Dropbox Rockets To 25M Users, More Daily Files Than Tweets On Twitter

We always hear about hot startups like Foursquare, Instagram, Foodspotting, or GroupMe. But another startup is making more waves than all of these social media companies combined.

Today, cloud-sharing and storage startup Dropbox announced that it's rocketed to 25 million registered users globally, a massive 525% increase since January 2010, when the San Francisco-based company recorded 4 million users. Even more impressive? Users on the site are saving more than 200 million files per day on the free service, which allows consumers to share files online from anywhere with an Internet connection—computers, tablets, smartphones, and so on.

"For context, that's more files saved per day than tweets on Twitter," boasts Dropbox cofounder Drew Houston. "Growth has been phenomenal."

Well over half of Dropbox's growth comes from its referral program—users receive 2GB of storage for free when first registering, but can earn additional 250MB for each time another user is referred.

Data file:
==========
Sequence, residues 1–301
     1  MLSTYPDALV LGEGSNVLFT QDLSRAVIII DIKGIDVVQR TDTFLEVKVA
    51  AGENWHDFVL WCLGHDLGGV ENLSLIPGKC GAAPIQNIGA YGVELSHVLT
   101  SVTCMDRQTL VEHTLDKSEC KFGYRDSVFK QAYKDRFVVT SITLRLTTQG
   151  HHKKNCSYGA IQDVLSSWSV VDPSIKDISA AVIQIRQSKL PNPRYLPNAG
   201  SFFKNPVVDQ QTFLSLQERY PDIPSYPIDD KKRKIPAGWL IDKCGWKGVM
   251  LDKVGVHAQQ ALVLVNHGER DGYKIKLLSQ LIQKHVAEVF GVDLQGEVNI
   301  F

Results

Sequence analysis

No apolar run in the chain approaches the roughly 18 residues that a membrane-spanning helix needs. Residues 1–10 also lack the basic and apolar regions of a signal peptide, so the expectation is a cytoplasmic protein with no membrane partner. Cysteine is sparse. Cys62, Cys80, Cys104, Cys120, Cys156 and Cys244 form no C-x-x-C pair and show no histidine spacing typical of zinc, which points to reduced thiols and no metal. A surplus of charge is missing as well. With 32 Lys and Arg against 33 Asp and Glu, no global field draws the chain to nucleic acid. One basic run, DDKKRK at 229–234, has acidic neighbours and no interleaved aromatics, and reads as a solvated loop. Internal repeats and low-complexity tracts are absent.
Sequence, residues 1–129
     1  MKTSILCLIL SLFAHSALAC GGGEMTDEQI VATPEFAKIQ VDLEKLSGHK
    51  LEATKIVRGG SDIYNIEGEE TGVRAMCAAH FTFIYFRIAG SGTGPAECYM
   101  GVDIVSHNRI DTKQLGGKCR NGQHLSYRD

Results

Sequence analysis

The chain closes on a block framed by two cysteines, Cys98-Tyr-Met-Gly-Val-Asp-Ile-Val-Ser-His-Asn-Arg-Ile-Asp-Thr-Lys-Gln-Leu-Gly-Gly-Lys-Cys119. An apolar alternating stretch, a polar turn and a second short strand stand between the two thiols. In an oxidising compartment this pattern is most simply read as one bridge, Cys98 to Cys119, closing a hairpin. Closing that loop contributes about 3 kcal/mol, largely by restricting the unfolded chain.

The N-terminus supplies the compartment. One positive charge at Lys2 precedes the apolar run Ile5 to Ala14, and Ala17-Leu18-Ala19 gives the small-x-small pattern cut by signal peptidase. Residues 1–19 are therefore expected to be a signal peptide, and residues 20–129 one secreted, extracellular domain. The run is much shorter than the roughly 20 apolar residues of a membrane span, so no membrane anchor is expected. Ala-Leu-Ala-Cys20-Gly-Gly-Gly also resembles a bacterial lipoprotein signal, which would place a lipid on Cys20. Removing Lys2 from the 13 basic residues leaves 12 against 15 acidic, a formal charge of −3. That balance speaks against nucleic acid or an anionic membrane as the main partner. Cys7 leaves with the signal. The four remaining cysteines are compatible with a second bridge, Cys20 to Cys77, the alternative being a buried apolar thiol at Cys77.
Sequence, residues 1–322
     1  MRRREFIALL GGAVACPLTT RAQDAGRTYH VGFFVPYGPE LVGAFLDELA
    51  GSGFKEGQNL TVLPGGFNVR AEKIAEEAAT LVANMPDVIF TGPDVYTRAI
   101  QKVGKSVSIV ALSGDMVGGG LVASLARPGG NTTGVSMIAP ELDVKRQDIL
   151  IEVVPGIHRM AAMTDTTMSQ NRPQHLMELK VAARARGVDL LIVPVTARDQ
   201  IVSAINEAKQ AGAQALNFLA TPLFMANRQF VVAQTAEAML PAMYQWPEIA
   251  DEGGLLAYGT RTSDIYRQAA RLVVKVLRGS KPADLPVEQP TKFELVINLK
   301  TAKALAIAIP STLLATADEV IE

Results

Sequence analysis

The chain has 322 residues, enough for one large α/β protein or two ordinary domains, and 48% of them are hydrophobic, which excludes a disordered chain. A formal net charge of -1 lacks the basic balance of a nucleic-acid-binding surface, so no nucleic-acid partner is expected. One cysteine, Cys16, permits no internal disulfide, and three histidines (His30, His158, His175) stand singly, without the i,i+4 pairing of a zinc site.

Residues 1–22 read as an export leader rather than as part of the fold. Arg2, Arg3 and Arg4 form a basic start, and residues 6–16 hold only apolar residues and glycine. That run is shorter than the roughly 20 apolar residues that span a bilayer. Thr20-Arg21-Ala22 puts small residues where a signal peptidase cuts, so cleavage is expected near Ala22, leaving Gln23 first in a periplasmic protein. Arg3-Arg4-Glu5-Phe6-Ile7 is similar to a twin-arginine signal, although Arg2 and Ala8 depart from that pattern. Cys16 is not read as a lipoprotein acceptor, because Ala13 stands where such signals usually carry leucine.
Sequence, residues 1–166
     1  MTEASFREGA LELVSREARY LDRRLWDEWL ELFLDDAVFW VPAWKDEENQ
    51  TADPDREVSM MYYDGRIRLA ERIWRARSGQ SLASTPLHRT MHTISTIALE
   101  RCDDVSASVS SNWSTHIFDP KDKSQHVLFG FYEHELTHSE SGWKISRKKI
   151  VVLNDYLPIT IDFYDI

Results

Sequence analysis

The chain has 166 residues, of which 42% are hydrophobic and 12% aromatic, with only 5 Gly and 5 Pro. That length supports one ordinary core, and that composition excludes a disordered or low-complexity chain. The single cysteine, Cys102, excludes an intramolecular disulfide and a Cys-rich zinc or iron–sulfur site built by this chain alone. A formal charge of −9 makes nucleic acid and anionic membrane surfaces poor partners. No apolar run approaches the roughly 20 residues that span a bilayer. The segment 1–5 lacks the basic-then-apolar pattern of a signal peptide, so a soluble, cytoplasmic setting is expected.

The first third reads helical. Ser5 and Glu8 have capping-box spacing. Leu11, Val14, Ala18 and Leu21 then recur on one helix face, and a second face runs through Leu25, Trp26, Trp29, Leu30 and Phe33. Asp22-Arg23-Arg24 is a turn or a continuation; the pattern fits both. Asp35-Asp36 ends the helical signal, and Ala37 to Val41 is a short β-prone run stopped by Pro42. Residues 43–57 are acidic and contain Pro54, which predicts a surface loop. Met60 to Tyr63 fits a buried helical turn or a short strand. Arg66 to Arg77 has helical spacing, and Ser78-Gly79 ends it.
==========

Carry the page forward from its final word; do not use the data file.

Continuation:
"We have a zero advertising budget," Houston says. Yet "people refer their friends like crazy," adds cofounder Arash Ferdowsi.

To further goose growth, Dropbox also announced today that it's adding language support for Spanish, German, French, and Japanese. Some 50% of Dropbox's users are already from outside the US—with the expanded language set, Dropbox expects its hockey stick-like user uptick to continue.

[Image: Flickr user Akakumo

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  • Jeff

    It's a useful program. However, it does require that files are also stored on the local machine. To me, this slightly defeats the purpose.

  • Gregory Hovagim

    Hey jeff, I'm a heavy user of dropbox & I think you're talking about the desktop app. I can log into their website and download/upload any documents I want to. It has been awesome to use for my partner & I for class. As we save the document, it resynchronizes so the newest rev is always transferred to the cloud.

  • Lisa Gerber

    I love love love Dropbox. Interesting about using that referral program to help gain users. Great model for start-ups to achieve growth - but has to be something of real value. (As Dropbox illustrates)